Let’s Lose the Food Guilt

Around the holidays (and on through January) you’ll see plenty of blog posts and recipes touting “guilt-free” desserts and treats. I admit that I’ve even used the phrase before when writing about how to modify recipes for sweets to make them lower in calories. I don’t use this phrase anymore, here’s why…

Food choices are not moral/immoral.

Calling a food “sinful” or labeling a more healthful version of a recipe “guilt-free” implies that certain food choices should induce guilt or feelings of being “bad.” That’s just ridiculous. It is just food! Choosing a regular brownie instead of a reduced-fat black bean-based brownie isn’t a moral decision. If lower-calorie foods are what you enjoy, then by all means, continue to eat them. But if choosing the regular brownie wracks you with food “guilt,” it might be time to examine the base of your food belief system (a Registered Dietitian who specializes in intuitive eating might be of help). Let’s be real: your health is not a matter of just what you eat, and in reality, no one food is going to make or break your health. So let’s give ourselves a break and stop assigning moral importance to food decisions.

Sweet Potato Brownies

Sweet Potato Brownies

Two Guiding Stars iconTwo Guiding Stars indicate better nutritional value. Veggie-stuffed brownies are a point of contention with our recipe development team. Some love them, some don't. Choose what you love.

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“Cheat” meals/days promote disordered eating patterns.

Lots of current weight loss diet plans you see for sale on the internet or promoted in books include the concept of allowing oneself a “cheat” meal or “cheat” day.  The idea here is that if you’re “good” with your eating all week, you can allow yourself to forget about your diet for one meal or one day. Purportedly, this will help you stick with your plan better, help your metabolism rebound from restriction and give you a break from the stress of the diet plan. I suspect “cheat” meals are somewhat effective at relieving the stress of adhering to a rigid diet each week. (I also suspect that they encourage binge-eating.) Getting a break from constant diet vigilance is good idea, but the very word “cheat” means that you’re doing something “bad.” Are you a bad person for wanting to have a few pancakes on Saturday morning? Would you tell someone else that they are bad because they wanted some mashed potatoes with their steak instead of broccoli? Of course not! That’s the problem with rigid diets—they are not sustainable as they are. If you need to severely restrict your eating such that you need a “cheat meal” to escape from it then that eating plan promotes an unrealistic way of eating. A healthful eating plan allows for some favorite foods and doesn’t make you pay for them by suffering through a week of deprivation first.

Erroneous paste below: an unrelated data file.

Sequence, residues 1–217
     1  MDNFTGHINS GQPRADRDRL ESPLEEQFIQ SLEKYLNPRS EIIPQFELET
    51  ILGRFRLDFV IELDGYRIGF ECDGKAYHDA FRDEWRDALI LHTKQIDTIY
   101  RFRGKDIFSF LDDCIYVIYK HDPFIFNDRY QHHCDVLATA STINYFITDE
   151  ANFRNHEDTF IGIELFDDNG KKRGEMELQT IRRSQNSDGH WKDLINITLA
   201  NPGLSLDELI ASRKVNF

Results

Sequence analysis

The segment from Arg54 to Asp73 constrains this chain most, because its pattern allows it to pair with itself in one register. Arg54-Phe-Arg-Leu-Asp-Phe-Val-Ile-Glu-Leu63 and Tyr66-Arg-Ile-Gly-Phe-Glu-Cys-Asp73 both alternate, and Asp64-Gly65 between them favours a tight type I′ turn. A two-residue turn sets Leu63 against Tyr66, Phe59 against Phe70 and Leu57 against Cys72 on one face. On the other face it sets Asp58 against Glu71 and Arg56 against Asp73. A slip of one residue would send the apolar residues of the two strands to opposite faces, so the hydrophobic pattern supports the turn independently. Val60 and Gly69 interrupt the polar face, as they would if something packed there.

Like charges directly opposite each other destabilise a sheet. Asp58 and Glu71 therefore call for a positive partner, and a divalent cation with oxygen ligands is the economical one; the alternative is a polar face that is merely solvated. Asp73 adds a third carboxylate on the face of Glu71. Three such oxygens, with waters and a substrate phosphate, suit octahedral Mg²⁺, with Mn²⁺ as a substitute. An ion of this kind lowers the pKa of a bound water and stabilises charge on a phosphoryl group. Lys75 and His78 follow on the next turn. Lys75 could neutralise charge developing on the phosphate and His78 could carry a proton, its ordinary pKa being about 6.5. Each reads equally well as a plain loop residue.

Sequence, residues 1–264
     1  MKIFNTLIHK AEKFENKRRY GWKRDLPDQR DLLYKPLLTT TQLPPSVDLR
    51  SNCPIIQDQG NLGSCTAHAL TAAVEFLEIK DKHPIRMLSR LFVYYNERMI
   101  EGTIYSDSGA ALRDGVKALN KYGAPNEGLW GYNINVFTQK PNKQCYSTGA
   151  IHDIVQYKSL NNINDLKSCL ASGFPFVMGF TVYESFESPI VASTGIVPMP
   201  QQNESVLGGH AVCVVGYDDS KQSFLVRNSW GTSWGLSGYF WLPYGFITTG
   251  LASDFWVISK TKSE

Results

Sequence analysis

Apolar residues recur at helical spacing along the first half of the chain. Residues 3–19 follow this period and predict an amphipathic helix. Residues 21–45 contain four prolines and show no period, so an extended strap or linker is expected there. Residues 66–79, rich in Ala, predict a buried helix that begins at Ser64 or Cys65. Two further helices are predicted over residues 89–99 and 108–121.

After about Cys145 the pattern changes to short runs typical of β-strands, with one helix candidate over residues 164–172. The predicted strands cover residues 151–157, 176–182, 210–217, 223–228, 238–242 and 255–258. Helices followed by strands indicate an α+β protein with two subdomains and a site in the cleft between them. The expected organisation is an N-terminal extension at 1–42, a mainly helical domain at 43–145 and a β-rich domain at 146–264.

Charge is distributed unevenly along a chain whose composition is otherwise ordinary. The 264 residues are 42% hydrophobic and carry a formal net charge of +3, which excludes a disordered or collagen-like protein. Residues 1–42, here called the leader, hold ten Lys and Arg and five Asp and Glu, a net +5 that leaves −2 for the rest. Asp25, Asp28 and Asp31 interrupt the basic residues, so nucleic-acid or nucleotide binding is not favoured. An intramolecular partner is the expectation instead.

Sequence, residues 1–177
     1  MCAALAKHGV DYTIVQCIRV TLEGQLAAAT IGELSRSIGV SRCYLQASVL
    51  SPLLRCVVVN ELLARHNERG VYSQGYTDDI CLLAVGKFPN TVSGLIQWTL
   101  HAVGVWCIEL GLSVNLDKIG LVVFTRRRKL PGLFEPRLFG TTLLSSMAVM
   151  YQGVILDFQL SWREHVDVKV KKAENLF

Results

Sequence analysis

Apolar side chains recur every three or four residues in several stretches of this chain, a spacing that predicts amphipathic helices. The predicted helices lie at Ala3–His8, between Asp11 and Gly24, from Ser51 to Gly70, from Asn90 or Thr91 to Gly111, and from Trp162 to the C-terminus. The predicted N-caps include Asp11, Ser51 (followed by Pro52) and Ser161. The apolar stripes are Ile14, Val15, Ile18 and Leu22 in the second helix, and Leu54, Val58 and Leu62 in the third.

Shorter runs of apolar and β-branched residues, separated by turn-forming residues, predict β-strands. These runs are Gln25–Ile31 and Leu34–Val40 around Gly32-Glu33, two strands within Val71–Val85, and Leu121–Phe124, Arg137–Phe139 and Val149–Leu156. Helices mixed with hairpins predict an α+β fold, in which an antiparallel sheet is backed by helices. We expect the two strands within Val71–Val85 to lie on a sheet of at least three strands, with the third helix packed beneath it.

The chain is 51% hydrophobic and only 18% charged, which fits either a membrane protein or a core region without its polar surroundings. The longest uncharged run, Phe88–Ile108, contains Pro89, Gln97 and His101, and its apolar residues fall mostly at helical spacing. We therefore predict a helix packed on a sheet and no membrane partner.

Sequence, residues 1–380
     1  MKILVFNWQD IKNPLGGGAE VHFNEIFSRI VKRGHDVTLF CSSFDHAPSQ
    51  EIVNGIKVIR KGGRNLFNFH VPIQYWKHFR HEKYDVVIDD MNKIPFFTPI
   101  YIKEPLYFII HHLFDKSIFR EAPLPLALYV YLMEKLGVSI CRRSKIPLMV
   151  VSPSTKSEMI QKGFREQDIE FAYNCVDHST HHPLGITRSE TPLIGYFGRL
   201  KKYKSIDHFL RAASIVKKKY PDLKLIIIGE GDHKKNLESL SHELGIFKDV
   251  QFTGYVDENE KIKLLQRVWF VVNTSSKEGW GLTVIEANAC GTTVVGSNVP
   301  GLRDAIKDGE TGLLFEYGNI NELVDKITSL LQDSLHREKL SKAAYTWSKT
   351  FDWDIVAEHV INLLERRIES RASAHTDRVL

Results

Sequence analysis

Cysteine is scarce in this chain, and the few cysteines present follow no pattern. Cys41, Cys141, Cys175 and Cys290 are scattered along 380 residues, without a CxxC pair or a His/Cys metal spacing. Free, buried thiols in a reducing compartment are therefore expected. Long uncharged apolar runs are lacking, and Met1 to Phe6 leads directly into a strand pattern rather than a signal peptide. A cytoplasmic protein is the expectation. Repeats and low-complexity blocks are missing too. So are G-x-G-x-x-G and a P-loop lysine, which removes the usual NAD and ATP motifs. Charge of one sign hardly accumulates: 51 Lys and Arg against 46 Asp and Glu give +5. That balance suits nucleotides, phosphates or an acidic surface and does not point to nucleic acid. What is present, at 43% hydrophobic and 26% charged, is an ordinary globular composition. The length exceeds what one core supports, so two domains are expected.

We all deserve to enjoy our food and feel good about eating and our bodies.

Concepts and behaviors that perpetuate a restrict-refeed-repent cycle make you feel bad about yourself. There are ways to nourish yourself that don’t make you feel bad, that empower you to trust yourself and your choices, and accept that you’re not perfect. We are all works in progress, too. If you’re interested in learning more about diet culture and its impacts on individuals and society, or about intuitive eating, or if you want to ditch diet culture and re-acquaint your body with its natural hunger and eating behaviors, there are places to go for help and information. There are a number of podcasts focused on intuitive eating, of course there are many books about making peace with food, and for individual help on your own eating journey, the Academy of Nutrition and Dietetics has a Find An Expert search function to direct you to a registered dietitian in your area.

Wishing you a happy new year free of food guilt!